Besidesthe modification of procedures, another approach would be to conductsome form of evaluation to establish the necessity andappropriateness of imprisonment. Kopkin, Brodsky,and DeMatteo(2017) propose that the criminal justice system should adopt riskassessment as part of its standard operating procedures duringsentencing. The authors note that performing a risk assessment willnot only reduce the number of detentions but also lessen the impactof wrongful judgment and ethical mistakes on the accused. Criminalprofiling and evaluation should also be done, so the stakeholderswithin the justice system can establish the eligibility ofincarceration for persons diagnosed with substance abuse and mentalhealth issues (Cloud, Parsons &amp Delany-Brumsey, 2014). Theauthors argue that the approach will ensure that before an accused issent to prison, his or her health status is determined to avoid beingheld longer than necessary in the facilities on account of notcompleting his or her treatment regimes.


Indeed,the current inmate population at the detention facilities in Americais a source of concern to stakeholders. The situation exposes thecountry to other complex issues that only serve to compound analready bad situation. Over the past thirty years, the situation hasbeen increasingly worsened by issues such as racism, poverty,judicial system prejudice, increased harshness by both the societyand courts towards criminals, and cut off funding for substance abuseand mental health services in prisons. Given the prevailingcircumstances, it is inevitable that both the courts and society haveto embrace alternative behavior change strategies. In the eventualitythat detention is inevitable, then it is critical to conduct riskassessments and client profiling to mitigate the negativeconsequences of incarceration.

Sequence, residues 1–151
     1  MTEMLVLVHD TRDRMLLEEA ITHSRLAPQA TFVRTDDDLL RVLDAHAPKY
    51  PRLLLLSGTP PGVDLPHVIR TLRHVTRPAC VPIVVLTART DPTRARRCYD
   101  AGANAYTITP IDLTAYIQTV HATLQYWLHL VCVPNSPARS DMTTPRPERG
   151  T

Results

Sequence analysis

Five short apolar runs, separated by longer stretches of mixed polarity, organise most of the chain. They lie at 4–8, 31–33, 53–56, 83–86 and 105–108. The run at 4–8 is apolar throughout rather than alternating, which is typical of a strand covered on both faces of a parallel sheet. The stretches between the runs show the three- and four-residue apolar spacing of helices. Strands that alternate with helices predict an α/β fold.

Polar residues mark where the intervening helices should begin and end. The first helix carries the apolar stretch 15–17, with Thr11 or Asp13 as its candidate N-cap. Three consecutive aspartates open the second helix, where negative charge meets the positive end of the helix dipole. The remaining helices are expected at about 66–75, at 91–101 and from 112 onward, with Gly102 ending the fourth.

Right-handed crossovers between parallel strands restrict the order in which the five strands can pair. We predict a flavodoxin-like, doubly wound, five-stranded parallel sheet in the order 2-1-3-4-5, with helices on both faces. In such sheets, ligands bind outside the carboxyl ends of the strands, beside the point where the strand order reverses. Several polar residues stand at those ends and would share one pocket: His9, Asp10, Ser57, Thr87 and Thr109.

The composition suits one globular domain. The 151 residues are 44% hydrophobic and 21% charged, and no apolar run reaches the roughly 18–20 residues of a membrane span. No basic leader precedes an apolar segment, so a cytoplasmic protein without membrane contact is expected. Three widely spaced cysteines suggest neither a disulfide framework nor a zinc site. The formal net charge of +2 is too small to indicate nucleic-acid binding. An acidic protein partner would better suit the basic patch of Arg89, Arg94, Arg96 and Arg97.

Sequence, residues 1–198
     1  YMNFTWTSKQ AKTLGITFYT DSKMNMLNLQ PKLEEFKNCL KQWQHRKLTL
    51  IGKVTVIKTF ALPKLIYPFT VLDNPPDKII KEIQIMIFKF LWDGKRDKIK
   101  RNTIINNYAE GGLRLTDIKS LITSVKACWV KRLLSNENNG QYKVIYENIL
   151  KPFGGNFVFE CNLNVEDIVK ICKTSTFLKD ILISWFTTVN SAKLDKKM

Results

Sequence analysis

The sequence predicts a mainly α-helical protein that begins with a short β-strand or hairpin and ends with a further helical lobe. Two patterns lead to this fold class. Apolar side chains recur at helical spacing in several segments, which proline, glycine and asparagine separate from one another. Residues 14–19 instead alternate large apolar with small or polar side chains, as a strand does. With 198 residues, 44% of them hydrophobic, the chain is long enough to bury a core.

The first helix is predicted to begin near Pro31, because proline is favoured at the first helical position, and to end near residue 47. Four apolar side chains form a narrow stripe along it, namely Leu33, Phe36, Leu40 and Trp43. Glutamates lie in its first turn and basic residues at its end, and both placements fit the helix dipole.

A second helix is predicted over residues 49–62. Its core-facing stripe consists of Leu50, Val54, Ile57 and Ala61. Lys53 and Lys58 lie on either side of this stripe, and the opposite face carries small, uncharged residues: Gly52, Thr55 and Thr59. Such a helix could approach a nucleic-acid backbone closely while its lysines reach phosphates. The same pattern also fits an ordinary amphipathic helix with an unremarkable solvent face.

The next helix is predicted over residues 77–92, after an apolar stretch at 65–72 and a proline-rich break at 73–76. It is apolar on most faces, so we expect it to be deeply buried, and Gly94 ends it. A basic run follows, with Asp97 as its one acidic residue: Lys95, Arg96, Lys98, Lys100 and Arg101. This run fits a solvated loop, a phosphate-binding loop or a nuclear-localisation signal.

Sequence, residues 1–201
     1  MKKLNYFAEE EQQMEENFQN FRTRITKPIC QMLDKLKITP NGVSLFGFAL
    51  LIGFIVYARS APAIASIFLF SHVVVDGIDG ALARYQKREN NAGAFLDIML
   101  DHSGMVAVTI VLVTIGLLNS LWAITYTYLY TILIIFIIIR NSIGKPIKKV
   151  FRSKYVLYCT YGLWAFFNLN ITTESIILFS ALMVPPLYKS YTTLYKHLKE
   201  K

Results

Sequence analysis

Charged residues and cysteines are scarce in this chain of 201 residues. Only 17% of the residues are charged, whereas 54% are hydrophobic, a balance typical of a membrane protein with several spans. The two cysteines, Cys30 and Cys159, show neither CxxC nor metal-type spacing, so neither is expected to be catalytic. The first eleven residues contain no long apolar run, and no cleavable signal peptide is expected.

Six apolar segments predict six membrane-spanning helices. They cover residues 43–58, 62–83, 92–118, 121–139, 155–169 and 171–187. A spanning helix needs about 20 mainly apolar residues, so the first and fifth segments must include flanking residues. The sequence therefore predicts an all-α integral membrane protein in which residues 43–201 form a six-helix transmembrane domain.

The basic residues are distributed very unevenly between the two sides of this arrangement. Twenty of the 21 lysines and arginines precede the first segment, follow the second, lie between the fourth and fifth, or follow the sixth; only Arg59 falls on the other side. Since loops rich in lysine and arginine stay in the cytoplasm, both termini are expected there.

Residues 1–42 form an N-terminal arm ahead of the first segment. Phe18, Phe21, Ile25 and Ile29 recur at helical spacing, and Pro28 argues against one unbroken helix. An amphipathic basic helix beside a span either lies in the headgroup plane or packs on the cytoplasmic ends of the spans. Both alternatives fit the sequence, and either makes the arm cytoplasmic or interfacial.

Adelman,L. (2013). What the Sentencing Commission Ought to Be Doing: ReducingMass Incarceration. MichiganJournal of Race &amp Law,18 (2), 295-316

Cloud,D. H., Parsons, J., &amp Delany-Brumsey, A. (2014). Addressing massincarceration: A clarion call for public health. AmericanJournal of Public Health,104(3),389–391.

DeFina,R., &amp Hannon, L. (2013). The impact of mass incarceration onpoverty. Crime&amp Delinquency,59(4),562-586.

Dumont,D. M., Allen, S. A., Brockmann, B. W., Alexander, N. E., &amp Rich,J. D. (2013). Incarceration, community health, and racialdisparities.Journalof Health Care for the Poor and Underserved,24(1),78-88.

Enns,P. K. (2014). The public`s increasing punitiveness and its influenceon mass incarceration in the United States. AmericanJournal of Political Science,58(4),857-872.

Haney,C. (2012). Prison effects of in the age of mass incarceration. ThePrison Journal,0032885512448604.

Kopkin,M. R., Brodsky, S. L., &amp DeMatteo, D. (2017). Risk assessment insentencing decisions: a remedy to mass incarceration? Journalof Aggression, Conflict and Peace Research,9(2),155-164.

Simon,J. (2012). Mass incarceration: From social policy to social problem.TheOxford Handbook of Sentencing and Corrections,23-52.

Traum,A. R. (2012). Mass Incarceration at Sentencing. HastingsLJ,64,423.